Presentation Authors: Maxwell W Roberts, Josephine Amosah, Guildford, United Kingdom, Guiping Sui, London, United Kingdom, Rui Wu, Coventry, United Kingdom, Simon Archer, Guildford, United Kingdom, Michael Ruggieri, Philadelphia, PA, Changhao Wu*, Guildford, United Kingdom
Introduction: Recognition of the urothelium as a new sensory structure and its potential role in mediating bladder dysfunction has led to great interest in identifying its pathological mediators. Oxidative stress is a fundamental pathological mediator and ROS-generating enzyme NADPH-oxidase (Nox) has particular importance as it is the only enzyme in the body that produces ROS as its sole function and can serve as specific ROS-controlling target without compromising normal biochemical oxidation. Our recent study has identified such system in bladder urothelium (1). To explore molecular mechanisms of superoxide production and the pathological significance of Nox-associated oxidative stress, we examined the effect of Nox-subtype deletion and several pathologically important inflammatory factors on Nox-derived superoxide production in bladder urothelial tissue.
Methods: Wild type C57BL/6J mice, Nox-1 and Nox-2 knockout mice and their wild type littermates were used in compliance with the regulations. Bladder mucosa and full-thickness bladder tissue were isolated under microscopic guidance. NADPH-dependent superoxide production in live tissue was determined by lucigenin-enhanced chemiluminescence.
Results: Nox-1 deletion reduced the superoxide production to 64.7Â±7.5% of wild type littermate control (meanÂ±SEM; n=6, p < 0.01), showing Nox-1 contribution to endogenous superoxide production. Nox-2 deletion reduced the superoxide level to 78.0Â± 5.8 % of the control (n=9, p < 0.01), demonstrating Nox-2 contribution. Angiotensin II (1ÂµM), a trophic factor and vessel constrictor which is endogenously released and involved in bladder outflow obstruction and hypertrophy, increased the superoxide production from 85.6Â±6.3 to 138Â±11.7 RLU/mg tissue (n=16, p < 0.01). TRPV4-specific activator GSK1016790A (1ÂµM), which participates in sensory dysfunction and bladder pain, enhanced the superoxide production in mucosa-attached bladder strips from 89.7Â±5.5 to 118.8 Â±5.6 RLU/mg tissue (n=10, p < 0.01). Endothelin-1 (1ÂµM), an inflammatory factor endogenously released in tissue ischemia, also augmented the superoxide production in bladder mucosa from 44.5Â±7.6 to 90.2Â±17.9 RLU/mg tissue (n=10, p < 0.05).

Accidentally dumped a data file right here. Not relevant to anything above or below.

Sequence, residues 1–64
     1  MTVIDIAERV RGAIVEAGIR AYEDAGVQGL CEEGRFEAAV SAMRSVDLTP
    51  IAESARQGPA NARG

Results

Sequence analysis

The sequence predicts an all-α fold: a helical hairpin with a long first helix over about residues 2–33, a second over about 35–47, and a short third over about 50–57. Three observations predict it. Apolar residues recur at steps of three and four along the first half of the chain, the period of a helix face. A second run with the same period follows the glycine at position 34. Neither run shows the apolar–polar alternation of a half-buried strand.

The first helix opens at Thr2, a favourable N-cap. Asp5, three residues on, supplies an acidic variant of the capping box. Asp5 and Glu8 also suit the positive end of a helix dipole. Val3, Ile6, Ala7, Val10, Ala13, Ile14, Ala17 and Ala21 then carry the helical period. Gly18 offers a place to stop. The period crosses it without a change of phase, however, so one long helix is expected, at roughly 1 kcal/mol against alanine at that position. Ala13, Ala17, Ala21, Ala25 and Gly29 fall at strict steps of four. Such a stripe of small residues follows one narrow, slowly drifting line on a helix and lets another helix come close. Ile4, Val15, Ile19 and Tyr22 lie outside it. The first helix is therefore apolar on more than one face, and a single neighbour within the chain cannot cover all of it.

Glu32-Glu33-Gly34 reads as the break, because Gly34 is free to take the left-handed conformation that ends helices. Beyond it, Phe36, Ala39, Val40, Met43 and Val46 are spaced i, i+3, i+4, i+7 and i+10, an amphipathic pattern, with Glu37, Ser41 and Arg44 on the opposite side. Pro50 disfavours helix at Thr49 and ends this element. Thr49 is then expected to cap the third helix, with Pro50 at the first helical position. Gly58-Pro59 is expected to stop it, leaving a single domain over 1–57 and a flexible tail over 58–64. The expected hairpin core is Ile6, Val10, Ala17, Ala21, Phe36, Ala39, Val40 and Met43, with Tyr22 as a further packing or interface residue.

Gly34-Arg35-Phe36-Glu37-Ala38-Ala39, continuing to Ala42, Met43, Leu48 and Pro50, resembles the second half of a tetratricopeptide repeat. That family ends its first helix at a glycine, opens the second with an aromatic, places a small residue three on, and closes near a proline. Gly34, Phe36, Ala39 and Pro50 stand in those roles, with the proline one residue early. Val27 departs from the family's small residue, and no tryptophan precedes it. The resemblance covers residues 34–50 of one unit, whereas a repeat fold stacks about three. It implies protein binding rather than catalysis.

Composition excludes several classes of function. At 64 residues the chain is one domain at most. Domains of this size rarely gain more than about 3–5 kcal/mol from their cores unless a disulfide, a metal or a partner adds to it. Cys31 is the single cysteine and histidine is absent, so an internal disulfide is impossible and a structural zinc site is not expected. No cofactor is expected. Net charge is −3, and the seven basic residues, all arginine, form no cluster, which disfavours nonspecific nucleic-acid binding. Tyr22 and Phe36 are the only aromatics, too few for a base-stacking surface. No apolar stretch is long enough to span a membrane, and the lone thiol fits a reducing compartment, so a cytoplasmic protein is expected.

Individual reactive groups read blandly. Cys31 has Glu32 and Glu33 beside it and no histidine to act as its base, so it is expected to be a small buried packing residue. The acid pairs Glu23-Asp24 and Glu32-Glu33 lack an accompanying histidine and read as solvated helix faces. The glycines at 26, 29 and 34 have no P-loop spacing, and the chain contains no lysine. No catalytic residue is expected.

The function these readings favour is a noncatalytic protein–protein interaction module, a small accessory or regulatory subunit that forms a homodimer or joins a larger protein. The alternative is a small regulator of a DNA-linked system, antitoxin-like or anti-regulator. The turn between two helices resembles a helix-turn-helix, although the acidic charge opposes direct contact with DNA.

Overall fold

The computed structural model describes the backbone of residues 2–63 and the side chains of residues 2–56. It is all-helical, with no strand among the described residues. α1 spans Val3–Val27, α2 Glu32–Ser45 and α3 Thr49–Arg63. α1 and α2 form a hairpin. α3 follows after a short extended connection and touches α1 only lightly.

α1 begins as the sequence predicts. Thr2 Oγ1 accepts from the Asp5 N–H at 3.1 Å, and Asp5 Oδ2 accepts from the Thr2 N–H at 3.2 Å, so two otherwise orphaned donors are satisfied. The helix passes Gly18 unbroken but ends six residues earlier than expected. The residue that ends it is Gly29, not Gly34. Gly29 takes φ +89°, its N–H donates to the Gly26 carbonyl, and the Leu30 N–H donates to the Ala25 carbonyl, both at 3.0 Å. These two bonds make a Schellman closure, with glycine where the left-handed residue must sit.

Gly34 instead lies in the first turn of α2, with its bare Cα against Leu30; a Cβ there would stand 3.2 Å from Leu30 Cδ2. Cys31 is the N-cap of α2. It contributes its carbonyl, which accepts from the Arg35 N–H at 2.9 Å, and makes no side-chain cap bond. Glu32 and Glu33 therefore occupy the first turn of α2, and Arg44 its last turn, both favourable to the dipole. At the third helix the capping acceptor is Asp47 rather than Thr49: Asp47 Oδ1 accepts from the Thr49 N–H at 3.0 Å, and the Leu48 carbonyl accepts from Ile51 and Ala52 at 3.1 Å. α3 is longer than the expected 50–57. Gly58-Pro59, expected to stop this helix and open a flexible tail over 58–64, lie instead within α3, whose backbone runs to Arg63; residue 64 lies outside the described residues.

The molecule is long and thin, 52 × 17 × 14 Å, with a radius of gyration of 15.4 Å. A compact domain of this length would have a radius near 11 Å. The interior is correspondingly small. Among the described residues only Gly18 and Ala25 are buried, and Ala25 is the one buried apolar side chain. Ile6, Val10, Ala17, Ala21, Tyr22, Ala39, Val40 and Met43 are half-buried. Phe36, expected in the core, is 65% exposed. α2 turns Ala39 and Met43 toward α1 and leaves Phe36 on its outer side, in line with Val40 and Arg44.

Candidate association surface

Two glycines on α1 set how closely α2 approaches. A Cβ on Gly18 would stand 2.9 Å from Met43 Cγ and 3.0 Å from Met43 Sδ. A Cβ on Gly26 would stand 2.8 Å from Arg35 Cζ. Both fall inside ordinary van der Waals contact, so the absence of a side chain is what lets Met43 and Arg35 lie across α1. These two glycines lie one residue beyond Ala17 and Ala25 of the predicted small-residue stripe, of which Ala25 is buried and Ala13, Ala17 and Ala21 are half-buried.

Conclusions: These new data show that Nox-1 and Nox-2 subtypes contribute to endogenous superoxide production in bladder urothelium. The results also provide the first evidence that inflammatory factors angiotensin II, GSK1016790A and endothelin-1 can upregulate the Nox-derived superoxide production in bladder mucosa and demonstrate the pathological significance of Nox-associated oxidative stress.
Source of Funding: BBSRC BB/P004695/1; NIA 1R01AG049321-01A1_x000D_
ReferenceRoberts M, Amosah J, Sui G, Wu R, Archer S, Ruggieri, M and Wu C (2018). Identifying the functional subtypes of NADPH oxidases (Nox) from the urothelium: implication for ROS-controlling targets. J Ur